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Media Literacy Review
Center for Advanced Technology in Education - College of Education - University of Oregon - Eugene
 

More Media Savvy Than She Thinks

Bill Walsh, Contributing Writer
E-Mail:WillWalsh@aol.com

I've got a pet theory (I've got a couple of them, actually, but only one is worth sharing with you here). People are smarter than they think they are; they're also more creative than they think they are. And in the area of video production, they know more than they think they do. Luckily for me, my theory was proven correct just last week.

A woman at work asked me to help her put together a videotape, a kind of video yearbook for a soccer team her daughter was on. She'd been videotaping the girls all season long with her camcorder, and now she wanted to turn that footage into a year-end production.

I looked at the footage she'd shot. Sometimes the camera didn't work right and sometimes she didn't hold it steady enough, but I also saw dozens of quite marvelous shots of girls playing soccer, hanging around, and getting to be very close friends.

No one had told this woman (I guess) that video is all about close-ups, but she seemed to know it instinctively, zooming in on the faces of the athletes she was videotaping. And although no one had told her that candid video is both more truthful and more touching than staged shots, nearly half of the footage was taken in unguarded moments.

I told her that I'd push the buttons for her and get the equipment to do what she wanted it to do, but that SHE would be making the video. The decisions on what to include and what to leave out would be hers, the order of shots and pacing and soundtrack would be hers. It would be very literally HER video that I'd help her with.

She was already a step ahead of me. She pulled out notes she'd jotted down on the back of an envelope, where she had listed different segments of the video she wanted to do. There was the before-game stuff, the championship trophy presentation, the cookout with family members and so on. She'd already had the rough outline of what she wanted in her mind and on paper! She had checked and re-checked each scene to be sure that her finished video would include every girl.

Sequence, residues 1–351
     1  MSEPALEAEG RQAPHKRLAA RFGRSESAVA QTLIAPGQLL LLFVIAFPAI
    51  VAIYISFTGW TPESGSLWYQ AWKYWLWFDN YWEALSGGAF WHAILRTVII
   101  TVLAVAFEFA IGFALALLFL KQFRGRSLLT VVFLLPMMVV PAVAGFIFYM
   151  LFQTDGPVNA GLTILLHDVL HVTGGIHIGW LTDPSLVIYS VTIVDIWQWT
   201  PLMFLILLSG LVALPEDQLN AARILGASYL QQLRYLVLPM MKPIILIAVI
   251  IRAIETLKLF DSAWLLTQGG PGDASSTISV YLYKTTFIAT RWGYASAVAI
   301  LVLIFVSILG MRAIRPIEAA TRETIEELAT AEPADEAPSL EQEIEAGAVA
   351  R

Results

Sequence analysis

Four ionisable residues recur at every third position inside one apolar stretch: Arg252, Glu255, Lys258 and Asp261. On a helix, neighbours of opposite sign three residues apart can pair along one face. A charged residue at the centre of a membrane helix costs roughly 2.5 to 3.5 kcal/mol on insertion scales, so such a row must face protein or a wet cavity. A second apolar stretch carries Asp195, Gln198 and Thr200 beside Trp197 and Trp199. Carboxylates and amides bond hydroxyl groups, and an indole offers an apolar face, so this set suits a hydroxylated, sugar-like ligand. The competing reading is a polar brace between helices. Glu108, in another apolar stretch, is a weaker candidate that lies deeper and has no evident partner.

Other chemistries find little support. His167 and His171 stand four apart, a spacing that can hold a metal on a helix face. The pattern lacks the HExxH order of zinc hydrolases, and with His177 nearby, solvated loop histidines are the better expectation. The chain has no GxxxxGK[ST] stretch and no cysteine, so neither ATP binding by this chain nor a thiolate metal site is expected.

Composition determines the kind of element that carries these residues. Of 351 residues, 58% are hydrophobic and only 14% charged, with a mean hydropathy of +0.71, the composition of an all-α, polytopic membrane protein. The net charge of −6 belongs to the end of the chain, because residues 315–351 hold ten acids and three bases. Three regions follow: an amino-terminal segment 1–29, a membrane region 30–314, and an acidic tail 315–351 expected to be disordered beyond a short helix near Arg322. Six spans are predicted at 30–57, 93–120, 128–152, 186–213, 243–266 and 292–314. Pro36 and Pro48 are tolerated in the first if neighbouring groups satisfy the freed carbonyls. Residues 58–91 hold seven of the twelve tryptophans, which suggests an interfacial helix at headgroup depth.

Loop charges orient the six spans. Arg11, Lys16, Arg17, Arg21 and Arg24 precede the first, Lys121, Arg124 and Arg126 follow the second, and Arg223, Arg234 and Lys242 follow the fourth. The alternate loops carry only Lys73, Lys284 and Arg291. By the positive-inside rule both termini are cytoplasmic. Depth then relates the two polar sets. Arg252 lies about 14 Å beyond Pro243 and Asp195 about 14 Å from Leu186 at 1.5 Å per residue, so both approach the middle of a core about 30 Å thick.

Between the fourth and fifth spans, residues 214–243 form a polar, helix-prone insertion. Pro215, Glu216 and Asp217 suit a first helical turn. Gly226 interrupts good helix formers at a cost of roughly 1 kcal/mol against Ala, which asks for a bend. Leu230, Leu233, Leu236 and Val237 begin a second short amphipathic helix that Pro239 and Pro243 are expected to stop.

And so we worked together. At first she'd be asking me if this was OK or that was all right, but before long, she'd be saying, "I'd like THAT scene next, followed by THIS one." She had an eye for clips that told the story she wanted to tell, a sense for what she wanted on the screen.

Later, we worked on the soundtrack. Again, she asked, "Can we do THIS?" She didn't know the difference between an audio dub and a video insert, but she could see and hear in her mind what she wanted to be put on tape. We tried to set one bunch of scenes to a particular piece of music, and it was terrible, I thought. Just didn't work. I didn't know how to tell her that the music was all wrong for that part of the tape. Luckily, I didn't have to.

"I don't like that," she said. "Let's try something else." She didn't know WHY it was wrong; it just "felt" wrong, but that was enough. And she was right.

Before we were done, we had put music over and under live sound, lip-synched a portion to make it louder, and finished with a freeze-frame at the end. She wanted three brief title screens at the beginning - she wrote out for me what they should say.

The video was a big hit at the end-of-the-year banquet, she reported to me. The audience laughed when she had wanted them to laugh, sighed when she wanted them to sigh, and even cried a little at the big emotional ending.

Although I had pushed the buttons, the video she had created was certainly hers.

And it reinforced my pet theory that because we watch so much video, because we are affected and even manipulated by video images every single day, we have come to understand what works and what doesn't work in the medium. We know it from our experience - nearly viscerally or subconsciously - we know it without knowing that we know it.

And that's why I think that this woman's very first video production worked so well. She saw it in her head first, knew what and how she wanted to communicate. I was only there to put her vision onto tape.

I think that increasingly we are all media literate - more than we realize. We know - not from textbooks and courses, but through experience - what affects us and what doesn't. What's boring and what isn't. What's touching. What's funny. How to communicate in pictures and sound things which sometimes don't get put into words very well.

Like a student "immersed" in a foreign language program, we see and hear so much media around us every day that we can't help but learn it, can't help but become proficient in its use and construction. We can't help but become media literate almost without knowing it.

And that's both good to know and fun to discover.